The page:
U.S. Housing Market Sees Drastic Shift: 58 Million-Dollar Cities Lost in Six Months
The U.S. housing market has seen a drastic shift since July 2020, when the market peaked. According to a new Zillow analysis, 58 “million-dollar” cities have been lost in the six months since the peak, with the typical home in million-dollar cities losing an average of $114,500 in value. California has seen the steepest declines, with 20 cities falling off the list of million-dollar cities, followed by Texas and New Jersey with five each.
The New York City metropolitan area has the highest number of cities with a million-dollar population, totaling 90. San Francisco, Los Angeles, and San Jose come next, with Boston rounding out the top five. Coastal states continue to dominate the list of million-dollar cities, with 387 out of the 464 current million-dollar cities located in a state on either the East or West Coast. The state of California is home to 190 million-dollar cities, more than the total number of such cities in the next six states combined.
In comparison to other areas, the Bay Area has experienced a significantly larger reduction in home prices. San Francisco’s median sale price fell 9.4% year over year in January and Oakland’s fell 7.8%, two of the three largest declines in the U.S. Rising mortgage rates have hit expensive markets particularly hard because homes there are so expensive, with even a small bump in rates translating to a big increase in monthly mortgage payments.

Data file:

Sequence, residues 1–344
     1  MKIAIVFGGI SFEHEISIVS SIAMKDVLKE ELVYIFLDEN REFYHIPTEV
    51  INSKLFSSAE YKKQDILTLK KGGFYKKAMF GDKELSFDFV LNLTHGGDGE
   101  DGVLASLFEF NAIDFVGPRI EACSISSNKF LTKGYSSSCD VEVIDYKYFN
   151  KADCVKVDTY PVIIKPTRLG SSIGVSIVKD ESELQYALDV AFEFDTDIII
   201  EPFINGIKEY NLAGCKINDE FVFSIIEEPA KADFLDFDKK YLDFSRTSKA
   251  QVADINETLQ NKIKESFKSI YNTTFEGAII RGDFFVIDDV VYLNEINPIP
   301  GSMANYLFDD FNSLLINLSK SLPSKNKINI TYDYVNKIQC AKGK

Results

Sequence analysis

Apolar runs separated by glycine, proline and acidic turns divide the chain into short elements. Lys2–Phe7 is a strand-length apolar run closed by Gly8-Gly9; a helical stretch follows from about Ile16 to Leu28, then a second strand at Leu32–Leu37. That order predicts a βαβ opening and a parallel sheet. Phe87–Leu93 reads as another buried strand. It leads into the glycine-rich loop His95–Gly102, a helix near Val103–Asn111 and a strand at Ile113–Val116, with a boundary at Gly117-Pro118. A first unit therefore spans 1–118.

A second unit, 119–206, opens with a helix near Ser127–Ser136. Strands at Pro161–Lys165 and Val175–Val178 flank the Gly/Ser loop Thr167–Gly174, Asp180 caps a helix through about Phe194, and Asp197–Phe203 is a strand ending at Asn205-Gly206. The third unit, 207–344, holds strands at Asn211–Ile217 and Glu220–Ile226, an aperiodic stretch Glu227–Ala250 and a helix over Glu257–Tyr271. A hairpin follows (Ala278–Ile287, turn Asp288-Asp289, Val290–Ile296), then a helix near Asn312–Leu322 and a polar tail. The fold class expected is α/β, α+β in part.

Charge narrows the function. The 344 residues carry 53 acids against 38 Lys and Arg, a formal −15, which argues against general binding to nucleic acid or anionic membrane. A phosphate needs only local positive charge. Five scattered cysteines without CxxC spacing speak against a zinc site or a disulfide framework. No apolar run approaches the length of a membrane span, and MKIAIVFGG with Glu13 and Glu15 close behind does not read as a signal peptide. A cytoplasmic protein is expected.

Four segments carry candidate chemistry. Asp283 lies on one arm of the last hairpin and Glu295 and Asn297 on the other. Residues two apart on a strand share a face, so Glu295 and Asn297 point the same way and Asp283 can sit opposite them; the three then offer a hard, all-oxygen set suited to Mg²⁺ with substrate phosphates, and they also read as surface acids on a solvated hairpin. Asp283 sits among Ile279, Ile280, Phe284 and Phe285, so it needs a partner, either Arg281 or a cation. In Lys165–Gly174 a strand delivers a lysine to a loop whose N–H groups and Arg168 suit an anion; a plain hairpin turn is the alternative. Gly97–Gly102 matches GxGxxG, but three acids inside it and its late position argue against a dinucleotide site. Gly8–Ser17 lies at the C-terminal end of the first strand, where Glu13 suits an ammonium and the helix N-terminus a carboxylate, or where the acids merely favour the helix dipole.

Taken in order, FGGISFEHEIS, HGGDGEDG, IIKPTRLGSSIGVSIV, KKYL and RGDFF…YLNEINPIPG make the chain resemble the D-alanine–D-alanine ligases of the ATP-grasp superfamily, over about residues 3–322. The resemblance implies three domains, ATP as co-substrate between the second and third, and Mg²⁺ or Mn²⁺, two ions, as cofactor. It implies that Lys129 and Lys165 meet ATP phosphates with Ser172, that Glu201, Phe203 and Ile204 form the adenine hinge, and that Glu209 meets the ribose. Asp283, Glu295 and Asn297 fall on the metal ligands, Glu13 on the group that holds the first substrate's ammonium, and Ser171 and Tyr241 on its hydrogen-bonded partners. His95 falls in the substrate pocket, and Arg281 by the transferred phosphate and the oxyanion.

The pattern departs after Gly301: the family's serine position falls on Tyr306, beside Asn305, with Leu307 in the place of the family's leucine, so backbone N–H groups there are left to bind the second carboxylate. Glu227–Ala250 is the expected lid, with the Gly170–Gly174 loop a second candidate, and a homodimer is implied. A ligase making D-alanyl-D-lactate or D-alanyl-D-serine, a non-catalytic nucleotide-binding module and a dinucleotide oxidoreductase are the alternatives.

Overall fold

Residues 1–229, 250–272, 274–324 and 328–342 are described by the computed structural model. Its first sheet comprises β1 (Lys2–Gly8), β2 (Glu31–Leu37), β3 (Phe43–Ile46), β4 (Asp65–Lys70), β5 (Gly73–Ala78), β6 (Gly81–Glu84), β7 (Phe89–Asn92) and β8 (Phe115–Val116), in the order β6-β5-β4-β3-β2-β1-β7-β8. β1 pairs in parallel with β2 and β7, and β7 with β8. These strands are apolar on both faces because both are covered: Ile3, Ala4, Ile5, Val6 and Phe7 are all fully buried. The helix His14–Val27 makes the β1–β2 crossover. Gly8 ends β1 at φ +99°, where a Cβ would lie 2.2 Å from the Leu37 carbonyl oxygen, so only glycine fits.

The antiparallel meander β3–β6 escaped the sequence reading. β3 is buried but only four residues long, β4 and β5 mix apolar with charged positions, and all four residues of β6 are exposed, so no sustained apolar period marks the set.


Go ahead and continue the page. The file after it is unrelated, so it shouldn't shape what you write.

Anushna Prakash, economic data analyst at Zillow, notes that despite the price cuts, mortgage rates have made it difficult for buyers. However, as we enter home shopping season this spring, Prakash adds that the environment has become more favorable for those who can make the finances work. Success for sellers this spring will depend upon getting the pricing right and increasing a home’s appeal on the web.
Overall, 32 states had at least one million-dollar city, but that’s down from 33 states in July 2022 since Montana’s lone million-dollar city fell off the list.
Tracking a slowing housing market nationwide, home values and prices have dropped from record highs as 6.5%-plus mortgage rates dampen homebuying demand.
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